You can find some interesting ideas about building Excel waffle charts for dashboard purposes and I recommend this article to you: Interactive Waffle Charts in Excel

However, I was looking for something different. Something that wouldn’t have me counting and colouring cells manually (shudder).

Building the Waffle

I chose to build the waffle chart using a series of conditional formatting rules. The first step was creating the formula to count the cells of the waffle.

Waffle chart base formula
Counting the cells in a 100 grid waffle

In case the picture is a bit small, the formula used here is:
=(MOD(ROW()+8,10)*10)+(COLUMN()-2)+1

This uses the row and column position of the cell to count from 1 to 100 in a 10 by 10 grid.

I then built on that base formula with this monster formula:

=IF((((MOD(ROW()+8,10))*10)+COLUMN()-1)<=’5 Category Waffle’!$A$2,’5 Category Waffle’!$A$2, IF((((MOD(ROW()+8,10))*10)+COLUMN()-1)<=(‘5 Category Waffle’!$A$2+’5 Category Waffle’!$A$3),’5 Category Waffle’!$A$3, IF((((MOD(ROW()+8,10))*10)+COLUMN()-1)<=SUM(‘5 Category Waffle’!$A$2:$A$4),’5 Category Waffle’!$A$4, IF((((MOD(ROW()+8,10))*10)+COLUMN()-1)<=SUM(‘5 Category Waffle’!$A$2:$A$5),’5 Category Waffle’!$A$5, IF((((MOD(ROW()+8,10))*10)+COLUMN()-1)<=SUM(‘5 Category Waffle’!$A$2:$A$6),’5 Category Waffle’!$A$6,0)))))

The sheet BTW is called 5 Category Waffle.

5 category formula
The 5 category waffle formula result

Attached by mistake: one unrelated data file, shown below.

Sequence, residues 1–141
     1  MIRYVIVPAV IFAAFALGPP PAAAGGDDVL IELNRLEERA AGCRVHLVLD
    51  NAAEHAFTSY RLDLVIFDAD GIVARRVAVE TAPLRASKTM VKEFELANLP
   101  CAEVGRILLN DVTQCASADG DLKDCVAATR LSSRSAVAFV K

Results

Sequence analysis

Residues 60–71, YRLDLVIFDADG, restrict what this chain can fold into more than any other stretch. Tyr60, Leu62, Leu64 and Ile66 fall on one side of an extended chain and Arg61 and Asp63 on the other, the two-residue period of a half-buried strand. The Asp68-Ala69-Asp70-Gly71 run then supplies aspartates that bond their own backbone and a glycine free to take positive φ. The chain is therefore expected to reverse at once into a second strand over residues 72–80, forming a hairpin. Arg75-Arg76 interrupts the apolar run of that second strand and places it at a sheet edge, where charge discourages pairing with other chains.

The formula checks the position number of the cell generated by the base formula and sees if it is less than or equal to the number of values in each category in column A. It then returns the value of the category in each cell.

Because I wanted to put symbols in the cell like these examples.

talking head icon used in waffle chart
Talking Heads waffle chart
bomb icon waffle chart
Bombs waffle chart

I took that monster formula and made it into a named formula.

 

 

This made building the conditional formatting rules much easier to do(simply because the conditional formatting dialog is so cramped).

Lastly, I built a series of conditional formatting rules to change the background colour of the cell based on the value returned by the formula. For the waffles using symbols, the rule formats the colour of the font, instead of the background.

A couple of additional pointers

  • To create a perfect grid, switch the view in Excel to Page Layout View. Page Layout View uses the same measurement scale for both row height and column width.  Set your measurements here.
  • For the symbol waffles, use the File> Options>Advanced> Display Options for this worksheet and turn off the display of gridlines. That way when you copy the waffle, the gridlines will be invisible.

 

Button Bar Chart

Simple or Complicated?

Simple or complicated? It’s been my observation that anyone can make a subject sound complicated – but it takes real understanding of a topic to simplify it in a way that is meaningful.

This is why, when I saw this sample slide below from designer Julie Terberg, I sat up and paid attention. Here is a wonderful example of a chart that is simple in a beautiful and useful way. Immediately, you can see that an audience would find this chart easy to read and understand

Button Bar Chart by Julie Terberg